THIS STORY HAS BEEN FORMATTED FOR EASY PRINTING

Light side of things is his specialty - so is blocking

Two-time Pro Bowler Matt Light, the leader of a Patriots line that allowed just 21 sacks this season, knows how to play a prank - and left tackle. Two-time Pro Bowler Matt Light, the leader of a Patriots line that allowed just 21 sacks this season, knows how to play a prank - and left tackle. (Jim Davis/Globe Staff)
Email|Print| Text size + By Christopher L. Gasper
Globe Staff / January 31, 2008

SCOTTSDALE, Ariz. - Guarding Tom Brady's blind side is no laughing matter; well, except when the man charged with protecting the NFL's preeminent passer is also the Patriots' foremost prankster.

Left tackle Matt Light hasn't given opponents a lot of reasons to smile this season as the leader of an offensive line that allowed just 21 sacks during the regular season, the Patriots' lowest total in a non-strike year since the league switched to a 16-game schedule in 1978, but he's constantly keeping his teammates entertained - and on their toes - with his hijinks.

"He's always pulling pranks on people," said left guard Logan Mankins. "He is always playing pranks on Russ Hochstein, really. Things like stealing his car, pouring cologne all over him, just stuff like that."

"The wheels are always turning. He's very clever. It's kind of frightening," said reserve right tackle Ryan O'Callaghan.

Nobody is immune from Light's penchant for puerility, including the primary beneficiary of his Pro Bowl-caliber blocking this season.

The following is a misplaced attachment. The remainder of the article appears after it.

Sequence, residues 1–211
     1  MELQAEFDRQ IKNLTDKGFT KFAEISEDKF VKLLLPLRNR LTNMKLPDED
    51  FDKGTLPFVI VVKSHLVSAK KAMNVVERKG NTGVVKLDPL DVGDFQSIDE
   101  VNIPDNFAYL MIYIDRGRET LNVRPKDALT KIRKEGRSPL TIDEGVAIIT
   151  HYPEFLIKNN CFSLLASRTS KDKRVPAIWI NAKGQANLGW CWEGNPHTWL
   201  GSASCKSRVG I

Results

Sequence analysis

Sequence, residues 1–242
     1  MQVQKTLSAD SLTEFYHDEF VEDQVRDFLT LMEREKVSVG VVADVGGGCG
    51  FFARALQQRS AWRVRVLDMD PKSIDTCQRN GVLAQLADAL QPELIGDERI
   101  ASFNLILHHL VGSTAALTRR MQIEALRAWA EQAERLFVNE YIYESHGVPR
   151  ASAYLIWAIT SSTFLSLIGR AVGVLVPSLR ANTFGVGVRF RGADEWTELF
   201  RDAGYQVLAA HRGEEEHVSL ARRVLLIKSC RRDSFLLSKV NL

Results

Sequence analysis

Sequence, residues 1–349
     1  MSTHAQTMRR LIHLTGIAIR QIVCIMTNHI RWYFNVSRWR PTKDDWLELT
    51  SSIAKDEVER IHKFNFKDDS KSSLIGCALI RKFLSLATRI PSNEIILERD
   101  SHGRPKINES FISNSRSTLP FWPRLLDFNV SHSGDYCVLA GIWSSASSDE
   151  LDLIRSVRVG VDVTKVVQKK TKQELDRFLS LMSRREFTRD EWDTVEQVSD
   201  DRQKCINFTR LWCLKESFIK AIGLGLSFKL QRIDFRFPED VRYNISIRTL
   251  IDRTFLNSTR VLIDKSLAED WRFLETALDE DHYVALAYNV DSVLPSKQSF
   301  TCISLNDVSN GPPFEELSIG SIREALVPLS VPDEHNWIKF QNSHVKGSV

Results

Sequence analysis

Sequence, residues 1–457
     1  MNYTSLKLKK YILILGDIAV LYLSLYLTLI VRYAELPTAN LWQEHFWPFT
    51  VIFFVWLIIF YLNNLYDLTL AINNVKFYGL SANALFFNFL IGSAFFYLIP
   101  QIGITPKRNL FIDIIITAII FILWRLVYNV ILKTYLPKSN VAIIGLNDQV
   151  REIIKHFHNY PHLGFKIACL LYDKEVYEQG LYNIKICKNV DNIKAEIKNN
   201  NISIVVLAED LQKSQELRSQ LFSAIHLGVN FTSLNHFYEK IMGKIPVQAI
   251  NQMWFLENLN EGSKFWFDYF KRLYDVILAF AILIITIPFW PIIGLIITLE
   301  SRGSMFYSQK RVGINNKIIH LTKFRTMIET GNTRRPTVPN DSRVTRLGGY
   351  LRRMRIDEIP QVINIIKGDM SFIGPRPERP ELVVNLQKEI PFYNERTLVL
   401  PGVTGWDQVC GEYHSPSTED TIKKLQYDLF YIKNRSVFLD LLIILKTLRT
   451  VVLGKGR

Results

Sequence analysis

As Patriots locker-room legend has it, Light once completely filled Brady's car with Styrofoam peanuts.

"We haven't found out who did that, but yeah, somebody did get him pretty well," said a sheepish Light yesterday. "I think they put exactly five bags of Styrofoam peanuts in his car. Growing up, my family has always been pranksters. It's probably part of my genetic code."

While humor is in Light's DNA, so is outstanding athleticism for someone who is 6 feet 4 inches and 305 pounds. Light was an All-State linebacker at Greenville (Ohio) High, and in his true freshman year at Purdue, he played tight end.

Former NFL offensive lineman and current NFL Network analyst Jamie Dukes said Light is a perfect fit for the Patriots' system. He's athletic enough to be an adept pass blocker and physical enough to be effective in the running game.

"He's a left tackle and a high-priced left tackle in this league for a reason, so he's got it mastered," said Dukes. "He's a dancer. I'm just impressed with his abilities. He still has problems with quick guys, real quick guys, but that's really the only hole he has in his game. He is among the elite tackles in this league."

Although he's been the Patriots' starting left tackle since his rookie season of 2001, it's only within the last two years that the lighthearted Light has gained serious recognition from his peers and the football press.

Last year, he was named to his first Pro Bowl, going as an injury replacement, and this season he was voted a Pro Bowl starter and selected to the Associated Press All-Pro team.

"He's been up there, but he's not a mauler," said Dukes. "See big [Jonathan] Ogden [of the Baltimore Ravens]. He's not that. He's the right guy that fits what they like to do."